Kudlow says senators should be ‘significantly punished’ if they engaged in insider trading

Kudlow says senators should be ‘significantly punished’ if they engaged in insider trading

National Economic Council Director Larry Kudlow said Thursday that senators facing scrutiny for moving stock in the run-up to the coronavirus crisis should be “significantly punished” if they are proven to have broken insider trading laws, in comments that departed in tone from President Trump’s assessment.

Sens. Dianne Feinstein, D-Calif., Kelly Loeffler, R-Ga., Richard Burr, R-N.C. and Jim Inhofe, R-Okla., have all been reported in recent weeks to have sold large amounts of stock before the market crashed due to concerns about the coronavirus pandemic. The allegations against the senators are all separate, and each has denied any wrongdoing. Several have also either denied access to inside information, or stressed that third parties were making the trades without their input.

Kudlow, however, said on a tele-town hall hosted by Sen. Martha McSally, R-Ariz., that if any of them are found guilty, the justice system should come down hard on them. The comments, first reported by The Hill,  were recorded and published on YouTube by the liberal super PAC American Bridge 21st Century.

CORONAVIRUS: WHAT TO KNOW

President Donald Trump and Dr. Anthony Fauci, director of the National Institute of Allergy and Infectious Diseases, listen as Larry Kudlow, White House chief economic adviser, speaks about the coronavirus in the James Brady Briefing Room, Tuesday, March 24, 2020, in Washington. (AP Photo/Alex Brandon)

President Donald Trump and Dr. Anthony Fauci, director of the National Institute of Allergy and Infectious Diseases, listen as Larry Kudlow, White House chief economic adviser, speaks about the coronavirus in the James Brady Briefing Room, Tuesday, March 24, 2020, in Washington. (AP Photo/Alex Brandon)

LOEFFLER LIQUIDATES STOCKS AFTER CRITICISM OF PRE-PANDEMIC SELL-OFF

“I sure don’t, I sure don’t, ma’am,” Kudlow said in response to a McSally constituent who asked if they thought what the senators accused of insider trading were doing was OK. “If it is proven that they’ve done something illegal or unethical, they will have to be significantly punished. I don’t put up with any of that nonsense.”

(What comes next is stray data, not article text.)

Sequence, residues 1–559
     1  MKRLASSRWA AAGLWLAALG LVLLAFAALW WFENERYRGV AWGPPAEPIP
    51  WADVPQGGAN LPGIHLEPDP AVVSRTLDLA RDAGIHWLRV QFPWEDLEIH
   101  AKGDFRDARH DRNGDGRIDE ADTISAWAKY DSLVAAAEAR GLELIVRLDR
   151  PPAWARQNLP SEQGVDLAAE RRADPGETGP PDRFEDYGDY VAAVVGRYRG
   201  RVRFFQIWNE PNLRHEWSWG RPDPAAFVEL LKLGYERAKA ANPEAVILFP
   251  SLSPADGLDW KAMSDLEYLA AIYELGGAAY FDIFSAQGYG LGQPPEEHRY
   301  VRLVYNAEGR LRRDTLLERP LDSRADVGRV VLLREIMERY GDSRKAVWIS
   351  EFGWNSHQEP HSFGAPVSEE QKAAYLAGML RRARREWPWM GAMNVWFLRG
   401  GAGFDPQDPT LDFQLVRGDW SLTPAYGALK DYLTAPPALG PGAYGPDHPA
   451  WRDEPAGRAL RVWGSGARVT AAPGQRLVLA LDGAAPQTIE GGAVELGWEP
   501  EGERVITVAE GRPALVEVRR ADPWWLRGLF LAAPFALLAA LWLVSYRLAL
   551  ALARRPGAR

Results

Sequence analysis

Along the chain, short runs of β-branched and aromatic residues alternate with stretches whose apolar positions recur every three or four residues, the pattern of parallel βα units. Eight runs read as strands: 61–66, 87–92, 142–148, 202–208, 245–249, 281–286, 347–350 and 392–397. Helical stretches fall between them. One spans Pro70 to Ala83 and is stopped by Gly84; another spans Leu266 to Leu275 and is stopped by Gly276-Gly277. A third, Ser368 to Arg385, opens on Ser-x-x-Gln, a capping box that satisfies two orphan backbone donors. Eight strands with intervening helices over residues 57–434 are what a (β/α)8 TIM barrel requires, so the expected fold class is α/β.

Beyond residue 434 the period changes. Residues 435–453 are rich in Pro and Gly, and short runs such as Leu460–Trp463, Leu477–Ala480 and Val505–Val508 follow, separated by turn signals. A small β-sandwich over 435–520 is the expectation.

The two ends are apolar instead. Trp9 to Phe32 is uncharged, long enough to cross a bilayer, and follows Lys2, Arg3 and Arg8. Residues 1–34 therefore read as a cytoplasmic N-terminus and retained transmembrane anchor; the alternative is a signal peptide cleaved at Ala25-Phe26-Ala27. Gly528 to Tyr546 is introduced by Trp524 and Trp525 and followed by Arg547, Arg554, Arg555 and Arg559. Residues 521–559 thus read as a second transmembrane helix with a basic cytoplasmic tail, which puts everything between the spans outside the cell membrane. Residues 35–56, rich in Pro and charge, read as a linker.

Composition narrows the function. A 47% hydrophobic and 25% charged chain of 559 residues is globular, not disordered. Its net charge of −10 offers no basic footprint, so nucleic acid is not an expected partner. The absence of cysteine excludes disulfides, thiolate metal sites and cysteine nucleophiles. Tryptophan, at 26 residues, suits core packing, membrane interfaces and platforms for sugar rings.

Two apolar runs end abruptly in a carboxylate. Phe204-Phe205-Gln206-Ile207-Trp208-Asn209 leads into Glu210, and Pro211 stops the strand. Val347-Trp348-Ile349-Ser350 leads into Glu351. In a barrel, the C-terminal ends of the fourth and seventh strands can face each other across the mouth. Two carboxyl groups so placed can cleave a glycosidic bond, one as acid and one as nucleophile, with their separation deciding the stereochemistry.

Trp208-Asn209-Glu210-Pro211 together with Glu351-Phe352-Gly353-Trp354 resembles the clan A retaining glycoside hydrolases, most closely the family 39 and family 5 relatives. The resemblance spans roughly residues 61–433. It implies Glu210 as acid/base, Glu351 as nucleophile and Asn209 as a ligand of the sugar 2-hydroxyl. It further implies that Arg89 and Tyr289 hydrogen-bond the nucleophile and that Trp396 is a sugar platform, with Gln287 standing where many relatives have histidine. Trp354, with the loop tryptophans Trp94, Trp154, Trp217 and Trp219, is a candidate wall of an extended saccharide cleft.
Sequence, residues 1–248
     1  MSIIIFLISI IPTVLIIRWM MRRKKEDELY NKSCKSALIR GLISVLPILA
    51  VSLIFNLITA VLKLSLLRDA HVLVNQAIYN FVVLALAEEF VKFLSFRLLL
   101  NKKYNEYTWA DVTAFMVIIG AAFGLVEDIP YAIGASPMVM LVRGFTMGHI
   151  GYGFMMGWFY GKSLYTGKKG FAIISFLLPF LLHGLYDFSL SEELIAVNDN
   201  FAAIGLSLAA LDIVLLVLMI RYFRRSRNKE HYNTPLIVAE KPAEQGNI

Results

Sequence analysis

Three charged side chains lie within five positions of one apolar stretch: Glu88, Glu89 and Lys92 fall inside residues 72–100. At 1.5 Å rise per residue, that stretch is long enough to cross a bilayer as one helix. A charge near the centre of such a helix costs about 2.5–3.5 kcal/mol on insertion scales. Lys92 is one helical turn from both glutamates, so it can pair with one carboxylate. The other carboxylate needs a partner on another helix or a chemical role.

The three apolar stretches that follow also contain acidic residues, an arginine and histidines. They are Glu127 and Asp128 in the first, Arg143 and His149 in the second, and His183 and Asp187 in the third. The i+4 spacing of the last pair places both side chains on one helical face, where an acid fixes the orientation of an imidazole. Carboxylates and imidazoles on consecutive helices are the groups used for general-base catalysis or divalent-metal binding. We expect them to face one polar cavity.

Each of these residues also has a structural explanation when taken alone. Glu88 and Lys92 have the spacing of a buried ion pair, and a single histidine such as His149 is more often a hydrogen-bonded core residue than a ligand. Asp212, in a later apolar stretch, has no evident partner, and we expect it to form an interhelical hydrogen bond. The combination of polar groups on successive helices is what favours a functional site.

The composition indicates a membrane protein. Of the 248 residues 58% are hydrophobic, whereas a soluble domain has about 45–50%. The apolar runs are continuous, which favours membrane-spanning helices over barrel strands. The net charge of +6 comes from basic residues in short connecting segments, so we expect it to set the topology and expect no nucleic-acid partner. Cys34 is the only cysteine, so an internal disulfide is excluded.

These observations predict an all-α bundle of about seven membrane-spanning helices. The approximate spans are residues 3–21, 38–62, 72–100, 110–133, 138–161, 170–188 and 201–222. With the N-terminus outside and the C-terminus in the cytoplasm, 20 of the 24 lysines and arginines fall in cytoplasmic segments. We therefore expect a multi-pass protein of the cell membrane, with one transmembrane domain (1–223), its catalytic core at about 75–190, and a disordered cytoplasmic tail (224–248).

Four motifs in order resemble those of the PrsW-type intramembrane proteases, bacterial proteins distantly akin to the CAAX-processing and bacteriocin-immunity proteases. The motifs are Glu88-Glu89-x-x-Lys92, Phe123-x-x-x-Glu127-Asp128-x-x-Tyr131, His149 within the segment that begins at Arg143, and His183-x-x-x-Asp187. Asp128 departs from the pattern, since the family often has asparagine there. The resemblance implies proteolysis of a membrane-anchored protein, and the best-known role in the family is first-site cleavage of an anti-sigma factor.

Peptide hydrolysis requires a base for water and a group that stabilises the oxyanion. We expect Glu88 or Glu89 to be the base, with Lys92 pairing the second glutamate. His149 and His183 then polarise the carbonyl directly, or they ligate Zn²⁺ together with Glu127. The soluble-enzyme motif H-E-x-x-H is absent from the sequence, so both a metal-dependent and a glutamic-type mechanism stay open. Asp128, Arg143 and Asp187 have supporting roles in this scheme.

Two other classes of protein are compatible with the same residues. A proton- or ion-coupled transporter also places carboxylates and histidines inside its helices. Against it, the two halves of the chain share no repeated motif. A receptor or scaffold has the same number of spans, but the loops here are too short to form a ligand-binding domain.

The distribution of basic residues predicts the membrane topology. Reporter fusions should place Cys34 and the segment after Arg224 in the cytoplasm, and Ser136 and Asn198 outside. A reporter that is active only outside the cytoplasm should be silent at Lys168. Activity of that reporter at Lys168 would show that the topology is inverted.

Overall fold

“Our great system of free enterprise, you know, you’ve got to play by the rules. By the way, everybody has to play by the rules” Kudlow continued, before going through his lengthy resume that encompasses Wall Street, television and the White House. “We all have to play by the rules and if not we’ll have to face the consequences.”

McSally responded: “Larry, I couldn’t agree with you more. If these allegations are true they need to be held accountable. This is why people are so disgusted with the elite, so if they’re true they must be held accountable.”

Kudlow’s tough talk struck a different tone than Trump’s did when he was asked about the allegations in the immediate aftermath of the first reports about the senators’ transactions.

“I know everyone mentioned, Dianne Feinstein, I guess and a couple of others. I don’t know too much about what it’s about but I find them to all be very honorable people,” Trump said in a White House coronavirus task force briefing last month. “They said they did nothing wrong. I find them, the whole group, very honorable people.”

When pressed on the topic, Trump would not say the senators should be subject to an investigation.

“I don’t know because I’d have to look at it. Possibly,” Trump said.

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Burr has already called for a Senate Ethics Committee investigation into himself, aiming for “full transparency.” He has said his stuck dump, which was valued at between $628,000 and $1.72 million, according to ProPublica, was based only on reports that were public.

Loeffler, who is far wealthier than Burr and unloaded $3.1 million worth of stock, has said that she doesn’t make her own investment decisions and this week announced that she had liquidated all of her stock holdings.

Inhofe has also said he is not involved in his investment decisions and Feinstein said the transactions she is accused of were made by her husband and she had no involvement in them.

Fox News’ Brooke Singman, Adam Shaw and Dom Calicchio contributed to this report. 

Tyler Olson covers politics for FoxNews.com. You can contact him at tyler.olson@foxnews.com and follow him on Twitter at @TylerOlson1791.

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